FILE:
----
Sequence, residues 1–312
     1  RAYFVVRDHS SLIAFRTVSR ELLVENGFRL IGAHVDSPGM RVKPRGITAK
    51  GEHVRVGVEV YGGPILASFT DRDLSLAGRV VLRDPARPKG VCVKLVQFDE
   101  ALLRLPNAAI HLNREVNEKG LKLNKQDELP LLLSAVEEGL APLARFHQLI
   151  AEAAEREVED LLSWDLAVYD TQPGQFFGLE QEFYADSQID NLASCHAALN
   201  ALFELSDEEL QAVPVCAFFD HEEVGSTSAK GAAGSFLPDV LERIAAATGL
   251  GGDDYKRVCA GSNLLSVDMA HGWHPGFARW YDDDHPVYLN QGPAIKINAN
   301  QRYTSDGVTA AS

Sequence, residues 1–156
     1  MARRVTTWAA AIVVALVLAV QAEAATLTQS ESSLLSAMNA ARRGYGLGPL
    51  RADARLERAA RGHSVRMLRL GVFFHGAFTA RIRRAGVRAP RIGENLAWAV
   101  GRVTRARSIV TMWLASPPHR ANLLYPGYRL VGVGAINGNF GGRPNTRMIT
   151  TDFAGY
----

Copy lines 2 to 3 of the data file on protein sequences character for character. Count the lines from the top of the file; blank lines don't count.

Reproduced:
     1  RAYFVVRDHS SLIAFRTVSR ELLVENGFRL IGAHVDSPGM RVKPRGITAK
    51  GEHVRVGVEV YGGPILASFT DRDLSLAGRV VLRDPARPKG VCVKLVQFDE